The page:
Juan Manuel Santos, Member of The Elders and former President of Colombia, explained:
“The ratification of the Escazú Agreement by Mexico marks an historic moment for the people of Latin America and the Caribbean. With this, the 11th ratification of the accord, this pioneering instrument can come into force. This is the region’s first environmental treaty, and is the first treaty in the world to contain specific provisions regarding human rights defenders in environmental matters - it is not possible to preserve the environment without also protecting those who defend it.
"The signing and ratification of this Agreement by so many nations shows a commitment in the region to achieving egalitarian, just sustainable development that protects both people and our planet. It is important not only to congratulate Mexico as they ratify this Agreement, but also to thank the thousands of indigenous people, environmental defenders, and young people who have championed its ratification since its adoption in 2018.
"I sincerely hope my country, Colombia, soon ratifies this agreement as well.”
The Escazú Agreement is the first legally binding regional environmental and human rights agreement designed to ensure rights to environmental information, public participation in environmental decision-making and access to justice in environmental matters. Because environmental defenders who expose ecological destruction and human rights abuses are at particular risk, the agreement uniquely provides special protection for them across the region.
The call for ratification of the agreement has gained widespread support across the region with young climate activists being a prominent voice. Figures such as Xiye Bastida, Nafesha Richardson and Nicole Becker have campaigned to bring it into force.
The agreement initially opened for signatures during the UN General Assembly in September 2018 following three years of negotiations under the supervision of the UN’s Economic Commission for Latin America and the Caribbean (ECLAC). 24 of the 33 countries in the region signed the treaty, it remains open for ratification and a minimum of 11 countries were needed to ratify to bring the treaty into force. Recent quarantines, social distancing and other emergency measures taken by countries to prevent the spread of COVID-19 slowed the pace of legislative procedures, but the ratification by Mexico now makes the treaty binding.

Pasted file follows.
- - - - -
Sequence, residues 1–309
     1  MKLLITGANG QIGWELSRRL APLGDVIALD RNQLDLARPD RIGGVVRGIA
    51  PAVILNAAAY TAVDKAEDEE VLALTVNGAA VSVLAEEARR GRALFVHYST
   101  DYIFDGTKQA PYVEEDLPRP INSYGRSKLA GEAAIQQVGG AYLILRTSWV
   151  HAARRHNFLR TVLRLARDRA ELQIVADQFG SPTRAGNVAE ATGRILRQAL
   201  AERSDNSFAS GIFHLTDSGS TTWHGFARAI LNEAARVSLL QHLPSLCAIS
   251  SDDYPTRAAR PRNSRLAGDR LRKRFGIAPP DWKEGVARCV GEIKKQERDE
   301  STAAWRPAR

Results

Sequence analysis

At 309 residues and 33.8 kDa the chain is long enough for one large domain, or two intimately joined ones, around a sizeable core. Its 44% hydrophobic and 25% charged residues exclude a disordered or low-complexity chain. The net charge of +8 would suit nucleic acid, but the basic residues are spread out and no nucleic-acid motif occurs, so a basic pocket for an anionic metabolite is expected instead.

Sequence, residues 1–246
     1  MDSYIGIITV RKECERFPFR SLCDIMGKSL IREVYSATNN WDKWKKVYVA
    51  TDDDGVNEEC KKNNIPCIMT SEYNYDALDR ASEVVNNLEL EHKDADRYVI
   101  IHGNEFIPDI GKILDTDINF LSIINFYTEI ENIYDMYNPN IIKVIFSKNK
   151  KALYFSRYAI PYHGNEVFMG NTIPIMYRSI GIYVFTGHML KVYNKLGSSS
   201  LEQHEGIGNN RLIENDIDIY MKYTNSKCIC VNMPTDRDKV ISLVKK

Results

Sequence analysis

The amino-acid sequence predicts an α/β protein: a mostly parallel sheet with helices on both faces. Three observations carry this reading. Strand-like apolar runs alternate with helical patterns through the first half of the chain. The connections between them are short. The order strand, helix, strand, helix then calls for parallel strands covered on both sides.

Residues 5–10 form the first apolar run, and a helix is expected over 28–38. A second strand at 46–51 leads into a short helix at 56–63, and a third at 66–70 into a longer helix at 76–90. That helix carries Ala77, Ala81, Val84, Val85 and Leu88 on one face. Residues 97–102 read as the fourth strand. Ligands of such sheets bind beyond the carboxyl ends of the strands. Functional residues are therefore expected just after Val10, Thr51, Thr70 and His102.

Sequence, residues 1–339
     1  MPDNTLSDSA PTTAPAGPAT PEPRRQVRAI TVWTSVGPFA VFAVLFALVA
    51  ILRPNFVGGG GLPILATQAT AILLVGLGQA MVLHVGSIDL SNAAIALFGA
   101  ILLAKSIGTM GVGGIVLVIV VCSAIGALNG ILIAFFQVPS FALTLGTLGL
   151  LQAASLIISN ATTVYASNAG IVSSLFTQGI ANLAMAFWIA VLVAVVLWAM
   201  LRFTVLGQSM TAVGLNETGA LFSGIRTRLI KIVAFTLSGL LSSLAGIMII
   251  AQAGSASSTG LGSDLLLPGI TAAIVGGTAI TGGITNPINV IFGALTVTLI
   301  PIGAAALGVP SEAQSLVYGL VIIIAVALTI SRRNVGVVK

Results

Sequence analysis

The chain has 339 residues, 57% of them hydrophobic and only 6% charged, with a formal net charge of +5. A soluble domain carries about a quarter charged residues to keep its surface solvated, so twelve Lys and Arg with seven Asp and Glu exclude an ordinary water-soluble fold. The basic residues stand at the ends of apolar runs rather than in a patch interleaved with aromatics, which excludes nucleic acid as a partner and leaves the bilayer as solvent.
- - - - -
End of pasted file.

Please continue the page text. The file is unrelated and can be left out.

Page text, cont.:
The Escazú Agreement is of particular significance in the region as six of the top ten most dangerous countries in the world for environmental defenders are in Latin America: Brazil, Colombia, Guatemala, Honduras, Mexico and Peru.
Access to information in Latin America and the Caribbean remains poor, there is widespread impunity for crimes against environmental defenders, and rights to consultation on the impacts of large development projects are often disrespected.
The Elders commend leaders who have signed and ratified this agreement and now urge countries to swiftly take the concrete measures needed to ensure the treaty lives up to its ambitious ideals.
The Chair of The Elders, Mary Robinson, described the treaty as an agreement that places “human rights at the heart of tackling the climate crisis”. The coming into force of the Escazú Agreement represents a vital opportunity to establish accountability for human rights violations relating to the environment and for regional collaboration on the most urgent challenges facing people and planet.